It is characterized by progressive loss of muscle control, which leads to trembling of the limbs and head while at rest, stiffness, slowness, and impaired balance. The progression of Parkinson’s disease and the degree of impairment vary from individual to individual.
Trembling in fingers, hands, arms, feet, legs, jaw, or head.Tremors most often occur while the individual is resting, but not while involved in a task. Tremors may worsen when an individual is excited, tired, or stressed.
Stiffness of the limbs and trunk, which may increase during movement. Rigidity may produce muscle aches and pain. Loss of fine hand movements can lead to cramped handwriting (micrographia) and may make eating difficult.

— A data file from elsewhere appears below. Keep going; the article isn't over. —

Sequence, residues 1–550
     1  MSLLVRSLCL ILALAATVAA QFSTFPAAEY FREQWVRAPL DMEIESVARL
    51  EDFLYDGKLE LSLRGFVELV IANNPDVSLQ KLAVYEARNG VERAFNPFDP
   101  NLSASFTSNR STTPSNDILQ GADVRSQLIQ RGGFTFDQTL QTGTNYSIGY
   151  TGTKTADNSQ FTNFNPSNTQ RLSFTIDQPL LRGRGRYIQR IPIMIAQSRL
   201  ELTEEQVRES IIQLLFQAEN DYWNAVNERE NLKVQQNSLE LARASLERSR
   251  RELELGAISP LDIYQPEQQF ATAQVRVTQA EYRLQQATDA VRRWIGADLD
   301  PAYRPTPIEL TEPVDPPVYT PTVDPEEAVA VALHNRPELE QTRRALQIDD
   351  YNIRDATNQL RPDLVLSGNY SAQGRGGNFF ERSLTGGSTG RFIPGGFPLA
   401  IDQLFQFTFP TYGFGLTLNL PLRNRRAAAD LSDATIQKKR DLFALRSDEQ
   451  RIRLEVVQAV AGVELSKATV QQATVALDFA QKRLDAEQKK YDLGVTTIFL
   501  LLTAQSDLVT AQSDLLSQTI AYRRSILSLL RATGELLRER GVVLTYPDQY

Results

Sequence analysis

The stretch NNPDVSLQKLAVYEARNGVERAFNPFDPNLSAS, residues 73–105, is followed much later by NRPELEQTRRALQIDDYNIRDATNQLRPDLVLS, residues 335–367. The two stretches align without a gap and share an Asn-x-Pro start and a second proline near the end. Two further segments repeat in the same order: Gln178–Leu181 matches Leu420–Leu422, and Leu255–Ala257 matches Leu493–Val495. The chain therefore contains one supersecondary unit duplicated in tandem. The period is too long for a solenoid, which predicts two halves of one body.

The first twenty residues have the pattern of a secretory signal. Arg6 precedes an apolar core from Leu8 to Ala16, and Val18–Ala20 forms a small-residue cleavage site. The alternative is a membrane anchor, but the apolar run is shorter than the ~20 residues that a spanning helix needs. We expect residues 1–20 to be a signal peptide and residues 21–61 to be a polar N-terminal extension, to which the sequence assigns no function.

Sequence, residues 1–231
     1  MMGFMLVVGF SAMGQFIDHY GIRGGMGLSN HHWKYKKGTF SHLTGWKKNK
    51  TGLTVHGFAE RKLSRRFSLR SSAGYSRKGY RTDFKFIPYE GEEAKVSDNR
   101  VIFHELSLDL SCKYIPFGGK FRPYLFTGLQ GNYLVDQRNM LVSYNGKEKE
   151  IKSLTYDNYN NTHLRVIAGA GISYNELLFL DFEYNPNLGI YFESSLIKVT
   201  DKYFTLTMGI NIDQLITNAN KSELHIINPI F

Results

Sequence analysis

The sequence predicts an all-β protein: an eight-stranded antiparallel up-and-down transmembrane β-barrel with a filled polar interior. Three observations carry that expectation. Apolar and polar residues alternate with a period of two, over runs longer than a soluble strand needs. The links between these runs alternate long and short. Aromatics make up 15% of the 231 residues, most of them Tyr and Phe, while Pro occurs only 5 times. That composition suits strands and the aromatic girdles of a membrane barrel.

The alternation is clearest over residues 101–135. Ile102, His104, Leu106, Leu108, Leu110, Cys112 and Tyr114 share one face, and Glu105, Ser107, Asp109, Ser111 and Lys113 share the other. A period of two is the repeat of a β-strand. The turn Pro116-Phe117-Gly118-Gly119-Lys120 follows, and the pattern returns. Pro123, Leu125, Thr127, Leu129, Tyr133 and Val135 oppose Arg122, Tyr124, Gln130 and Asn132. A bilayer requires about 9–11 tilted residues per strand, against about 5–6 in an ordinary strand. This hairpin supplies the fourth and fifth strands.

Slowness of voluntary movement. Over time, it may become difficult to initiate movement and to complete movement. Bradykinesia together with stiffness can also affect the facial muscles and result in an expressionless, “mask-like” appearance.
Postural instability :
Impaired or lost reflexes can make it difficult to adjust posture to maintain balance. Postural instability may lead to falls.
Parkinsonian gait :
Individuals with more progressive Parkinson’s disease develop a distinctive shuffling walk with a stooped position and a diminished or absent arm swing. It may become difficult to start walking and to make turns. Individuals may freeze in mid-stride and appear to fall forward while walking.